CST Blog

Something rotten in the state of Denmark: antisemitic extremism

19 May 2017

This week in Denmark, an imam was accused of calling for the murder of Jews whilst at the same time a 17-year-old girl was convicted of allegedly plotting to bomb a Jewish school in the capital, Copenhagen. Denmark is not new to violent antisemitism – in 2015 Jewish security volunteer Dan Uzan Z”L was gunned down by Omar El-Hussein whilst protecting his Jewish community outside the Copenhagen Synagogue.

In the first incident, Imam Mundhir Abdallah stands accused of citing a hadith, words attributed to the Prophet Muhammad, which calls for the death of Jews. The Imam, who has been linked to Hizb ut-Tahrir, a trans-national group historically accused of antisemitism, included a hadith in his sermon which states, that “Judgement Day will not come until the Muslims fight the Jews and kill them”. Footage of the imam emerged from a sermon at a mosque in the Copenhagen suburb of Norrebro in March, which has led to complaints from the Danish Jewish community. Imam Abdallah is also said to have stated that Muslims will fight to liberate the Al-Aqsa Mosque in Jerusalem “from the filth of the Zionists”. This incident is linked to the murder of Jewish security volunteer Dan Uzan Z”L. According to sources, murderer Omar El-Hussein visited the mosque where Imam Abdallah preaches two days before his attack on the Synagogue and the Krudttonden culture centre. Since the antisemitic comments from the sermon came to light, the accused imam has claimed he has been the “victim of a conspiracy” and "added that he does not believe he has any responsibility to prevent antisemitism in Muslim communities."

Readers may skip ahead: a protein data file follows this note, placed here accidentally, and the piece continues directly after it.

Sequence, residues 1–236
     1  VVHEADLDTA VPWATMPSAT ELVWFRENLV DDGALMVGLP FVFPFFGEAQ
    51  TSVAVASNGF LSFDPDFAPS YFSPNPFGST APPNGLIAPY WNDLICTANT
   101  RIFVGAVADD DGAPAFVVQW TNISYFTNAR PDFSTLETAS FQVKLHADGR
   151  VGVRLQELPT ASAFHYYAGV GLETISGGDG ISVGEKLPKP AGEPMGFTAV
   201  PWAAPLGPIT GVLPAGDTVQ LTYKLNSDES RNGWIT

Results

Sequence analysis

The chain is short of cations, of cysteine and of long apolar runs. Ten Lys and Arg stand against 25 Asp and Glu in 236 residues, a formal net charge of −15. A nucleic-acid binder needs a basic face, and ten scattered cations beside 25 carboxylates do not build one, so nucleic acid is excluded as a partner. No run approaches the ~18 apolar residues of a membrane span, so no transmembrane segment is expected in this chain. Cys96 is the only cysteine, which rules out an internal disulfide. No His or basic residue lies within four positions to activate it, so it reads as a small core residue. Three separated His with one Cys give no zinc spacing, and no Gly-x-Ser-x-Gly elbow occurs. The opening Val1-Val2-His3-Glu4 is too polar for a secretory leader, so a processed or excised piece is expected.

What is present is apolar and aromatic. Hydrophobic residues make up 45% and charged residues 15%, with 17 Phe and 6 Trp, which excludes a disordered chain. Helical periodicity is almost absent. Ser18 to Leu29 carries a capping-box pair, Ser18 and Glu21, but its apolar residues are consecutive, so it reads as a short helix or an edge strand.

In the second incident, a 17-year-old Danish girl who converted to Islam after a trip to Turkey has been charged with planning to bomb two schools in Denmark, including a private Jewish school in Copenhagen. She is the first female in Danish history to be arrested for terrorism and she planned to make bombs using acetone peroxide. The girl in question is, like Imam Abdallah, allegedly linked to Hizb ut-Tahrir. She allegedly joined a social media group for Danish members and she is also accused of publicly expressing support for Islamic State on social media. According to prosecutors, she intended to emulate Omar el-Hussein and is accused of frequently using El-Hussein’s last name, which she told the court she did because she believed him to be “tough”.

This isn’t the first time that extremist antisemitism has surfaced in Denmark. In 1985, the Copenhagen Synagogue was targeted by Palestinian terrorists who planted a bomb that also damaged the nearby Jewish elderly care home. No one was injured, but another bomb minutes earlier targeted a US airline office killing one and injuring 26.  In 2009, members of Lashkar-e-Taiba were involved in conducting hostile reconnaissance against several targets in Denmark, including the Copenhagen Synagogue for an attack. Lashkar-e-Taiba is the group responsible for the 2008 Mumbai attacks, which targeted several locations, including the Mumbai Chabad House, which left 6 people dead, including a Rabbi’s wife who was six months pregnant.

These incidents demonstrate the need for Jewish communities to be vigilant, internationally and in the United Kingdom. If you see something suspicious or are a victim of an antisemitic incident, please report it to CST and in an emergency contact the Police.

[Images: MEMRI/Jerrye & Roy Klotz MD]

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